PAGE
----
Ukraine mobilized for war on Sunday, after Russian President Vladimir Putin declared he had the right to invade, creating the biggest confrontation between Moscow and the West since the Cold War.
"This is not a threat: this is actually the declaration of war to my country," said Ukraine's Prime Minister Arseny Yatseniuk, head of a pro-Western government that took power when Russian ally Viktor Yanukovich fled last week, Reuters reported.
Putin obtained permission from his parliament on Saturday to use military force to protect Russian citizens in Ukraine, spurning Western pleas not intervene.
Ukraine's security council ordered the general staff to immediately put all armed forces on highest alert, the council's secretary Andriy Parubiy announced.
The Defense Ministry was ordered to conduct a call-up of reserves - theoretically all men up to 40 in a country with universal male conscription, though Ukraine would struggle to find extra guns or uniforms for significant numbers of them.
"If President Putin wants to be the president who started the war between two neighboring and friendly countries, between Ukraine and Russia, so: he has reached this target within a few inches. We are on the brink of disaster," Yatseniuk said in televised remarks in English, appealing for Western support.
U.S. ready to go to hilt
U.S. Secretary of State John Kerry said Sunday that Western powers are prepared "to go to the hilt" to isolate Russia for its military incursion into Ukraine, "an incredible act of aggression" that may lead to visa bans, asset freezes, trade and investment penalties, and a boycott of a Russian-hosted economic summit of global powers in June.
Kerry said Russian President Vladimir Putin should respect the democratic process through which the Ukrainian people ousted their pro-Russian president and assembled a new government.
But President Barack Obama had pressed his case in a 90-minute phone call Saturday with Putin, calling Russia's actions "a clear violation" of Ukraine's sovereignty, and asking for his forces to pull back, and still the situation only grew more dire Sunday.
Putin told Obama "there are real threats to the life and health of Russian citizens and compatriots on Ukrainian territory", according to the Kremlin's readout of the phone call. Moscow reserved the right to intervene on behalf of Russian speakers anywhere they were threatened, Putin added.
NATO chief Anders Fogh Rasmussen urged Russia on Sunday to stop its military activity and threats against Ukraine, saying Moscow's action threatened "peace and security in Europe."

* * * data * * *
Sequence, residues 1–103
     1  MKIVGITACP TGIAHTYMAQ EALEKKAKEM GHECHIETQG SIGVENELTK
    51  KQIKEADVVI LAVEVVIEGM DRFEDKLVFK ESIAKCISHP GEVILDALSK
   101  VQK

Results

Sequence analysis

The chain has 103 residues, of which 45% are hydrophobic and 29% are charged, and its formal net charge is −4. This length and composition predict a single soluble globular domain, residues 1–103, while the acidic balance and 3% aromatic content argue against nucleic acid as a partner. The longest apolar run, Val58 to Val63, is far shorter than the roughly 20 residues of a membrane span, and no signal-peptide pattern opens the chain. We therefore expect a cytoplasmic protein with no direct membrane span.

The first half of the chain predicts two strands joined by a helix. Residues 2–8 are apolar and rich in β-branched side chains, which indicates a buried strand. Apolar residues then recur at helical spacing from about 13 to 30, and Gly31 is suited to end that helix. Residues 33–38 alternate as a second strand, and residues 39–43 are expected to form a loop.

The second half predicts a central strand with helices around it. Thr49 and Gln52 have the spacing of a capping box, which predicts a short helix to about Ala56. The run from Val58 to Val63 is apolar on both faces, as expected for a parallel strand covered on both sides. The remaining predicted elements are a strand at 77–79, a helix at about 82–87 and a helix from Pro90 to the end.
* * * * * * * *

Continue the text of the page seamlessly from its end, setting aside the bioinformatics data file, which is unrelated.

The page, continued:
"Russia must stop its military activity and its threats," he said before opening crisis talks with NATO's 28 ambassadors, AFP reported.
Russian forces have already seized Crimea - an isolated Black Sea peninsula where Moscow has a naval base. On Sunday they surrounded several small Ukrainian military outposts there and demanded the Ukrainian troops disarm. Some refused, although no shots were fired.
Russia has staged war games with 150,000 troops along the land border, but so far they have not crossed.
However, pro-Russian demonstrators have marched in the east of the country and have raised Russian flags over government buildings in several cities, in what Kiev says is a move orchestrated by Moscow to justify a wider invasion.
Donetsk calls for referendum
Meanwhile, the city council in the eastern city of Donetsk has refused to recognize Ukraine’s self-imposed government and called for a referendum on the region’s status. The council has made Russian alongside Ukrainian the official language in the region, RT reported.
“Until all the legitimacy of the new laws approved by Verkhovna Rada [Ukrainian Parliament] is clarified, the city council [of Donetsk] will take full responsibility for its territories,” said the document approved by Donetsk City Council during the special session of March, 1. The report comes from Ukraine-based Zerkalo Nedeli newspaper.
Donetsk is the capital of the coal-rich Donbass region in eastern Ukraine. Beside Donetsk, a major economic, industrial and scientific center, Donbass includes Lughansk and Dnepropetrovsk regions.
The Council called for a referendum on Donbass’s future, urging the local parliament to set the date immediately. The move is set to “protect the citizens from possible violent actions on the behalf of radicalized nationalistic forces,” the council said in a statement.
In addition, the members of the city council have voted to set up self-defense squads.
The council’s session was called as pro-Russian activists gathered in the center of Donetsk, demanding local authorities to hold a referendum on the future of the region. The protesters seized the regional administration building and hoisted the Russian flag above it.
Eastern Ukrainian regions are seeing massive pro-Russian demonstrations against the new self-proclaimed central government, with many government buildings being topped with Russian flags.
Pro-Moscow demonstrators flew Russian flags on Saturday and Sunday at government buildings in cities including Kharkiv, Odessa and Dnipropetrovsk. In places they clashed with anti-Russian protesters and guards defending the buildings.
The worst violence took place in Kharkiv, where scores of people were hurt on Saturday when thousands of pro-Russian activists, some brandishing axe handles and chains, stormed the regional government and fought pitched battles with a smaller number of supporters of Ukraine's new authorities.
Ludmila Petrova, 35, described the new authorities in Kiev as "slaves of the European Union" and said she favored Putin's declaration of the right to intervene.
"Maybe this will stop the hotheads in Kiev from bringing war to the Don basin and the Crimea. Maybe now they will think there is someone willing to defend these people."
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